Metformin-induced lactic acidosis with emphasis on the anion gap We are experimenting with display styles that make it easier to read articles in PMC. The ePub format uses eBook readers, which have several "ease of reading" features already built in. The ePub format is best viewed in the iBooks reader. You may notice problems with the display of certain parts of an article in other eReaders. Generating an ePub file may take a long time, please be patient. Proceedings (Baylor University. Medical Center) Metformin-induced lactic acidosis with emphasis on the anion gap Britton Blough, MD, Amber Moreland, MD, and Adan Mora, Jr., MD The presence of an anion gap in a diabetic patient, especially if associated with evidence of compromised renal function, should prompt clinicians to consider metformin as a contributing factor. This consideration is especially important in patients with severe anion gaps associated with lactic acidosis out of proportion to the patient's clinical presentation. Measurement of serum electrolytes and determination of acid-base status is beyond routine in today's clinical practice. The importance of recognizing and treating disturbances in normal physiology can Continue reading >>

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  1. spage_rn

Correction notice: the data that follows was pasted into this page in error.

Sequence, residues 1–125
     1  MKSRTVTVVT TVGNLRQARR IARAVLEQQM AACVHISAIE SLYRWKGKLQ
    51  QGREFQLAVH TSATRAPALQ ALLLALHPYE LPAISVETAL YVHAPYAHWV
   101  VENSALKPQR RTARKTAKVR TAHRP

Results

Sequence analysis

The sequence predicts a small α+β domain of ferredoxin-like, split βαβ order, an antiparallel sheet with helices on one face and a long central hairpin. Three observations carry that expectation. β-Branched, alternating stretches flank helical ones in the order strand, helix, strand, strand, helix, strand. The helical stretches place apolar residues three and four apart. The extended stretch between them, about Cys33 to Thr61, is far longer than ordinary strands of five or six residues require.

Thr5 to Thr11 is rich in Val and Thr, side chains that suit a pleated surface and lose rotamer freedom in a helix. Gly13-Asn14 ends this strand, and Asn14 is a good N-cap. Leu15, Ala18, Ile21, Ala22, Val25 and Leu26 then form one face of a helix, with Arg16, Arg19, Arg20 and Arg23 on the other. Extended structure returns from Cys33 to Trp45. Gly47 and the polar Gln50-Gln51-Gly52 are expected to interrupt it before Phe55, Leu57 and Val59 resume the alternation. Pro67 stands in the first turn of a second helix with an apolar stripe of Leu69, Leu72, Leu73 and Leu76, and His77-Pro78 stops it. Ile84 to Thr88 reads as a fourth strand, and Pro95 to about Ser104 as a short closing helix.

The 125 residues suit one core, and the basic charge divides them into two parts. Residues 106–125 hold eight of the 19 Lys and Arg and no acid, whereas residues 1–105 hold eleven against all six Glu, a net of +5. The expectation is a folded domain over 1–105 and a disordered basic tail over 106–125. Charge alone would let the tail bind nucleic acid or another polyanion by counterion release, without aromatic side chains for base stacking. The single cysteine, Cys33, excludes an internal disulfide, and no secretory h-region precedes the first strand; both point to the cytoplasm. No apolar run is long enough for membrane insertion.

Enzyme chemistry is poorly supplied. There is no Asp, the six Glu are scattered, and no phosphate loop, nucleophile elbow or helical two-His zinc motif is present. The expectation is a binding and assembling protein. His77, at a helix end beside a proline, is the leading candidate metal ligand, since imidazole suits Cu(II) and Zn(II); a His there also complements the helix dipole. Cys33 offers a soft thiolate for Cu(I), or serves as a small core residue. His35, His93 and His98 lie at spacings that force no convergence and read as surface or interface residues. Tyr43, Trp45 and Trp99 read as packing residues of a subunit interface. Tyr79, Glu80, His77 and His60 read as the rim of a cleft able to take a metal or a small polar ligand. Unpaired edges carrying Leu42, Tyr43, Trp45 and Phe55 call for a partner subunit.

I have smelled sinus infections like that, but I would definitely keep the appt with the doctor!
    .
    Quote from spage_rn
    Nurses...I am so glad I found this web site (thanks Jeeves!). Anyway, my husband's breath smells like moth balls. Yes, it is disgusting. I am making him an appt at the internist tomorrow. This has been going on since Thursday...poor guy has brushed, flossed, scrubbed and used listerine like crazy. He feels fine.
    I guess I am asking if you all can think of some reason for this!! I have looked and looked on line and in the Merck Manual. All I find is acetone smelling breath for ketosis. And his breath smells like an old man...reminds me of my father in law (66, had prostate cancer 5 years ago). Help!! My husband has no s/sx of diabetes. I have even done finger sticks...always less than 110.
    He had this happen about a year ago but we can't remember what or when it went away.
    thanks for any help or insight.
    :kiss

  2. CDN_NPtobe

    Any problems with urination? Sometimes kidney failure will cause people to be malodorous because its a way for the body to try and rid itself of toxins. He also may have a pharygeal pouch or something that is filling with food that could cause the odor.
    Just ideas--I would agree that he should keep his appointment. Let us know how he makes out...

  3. LydiaGreen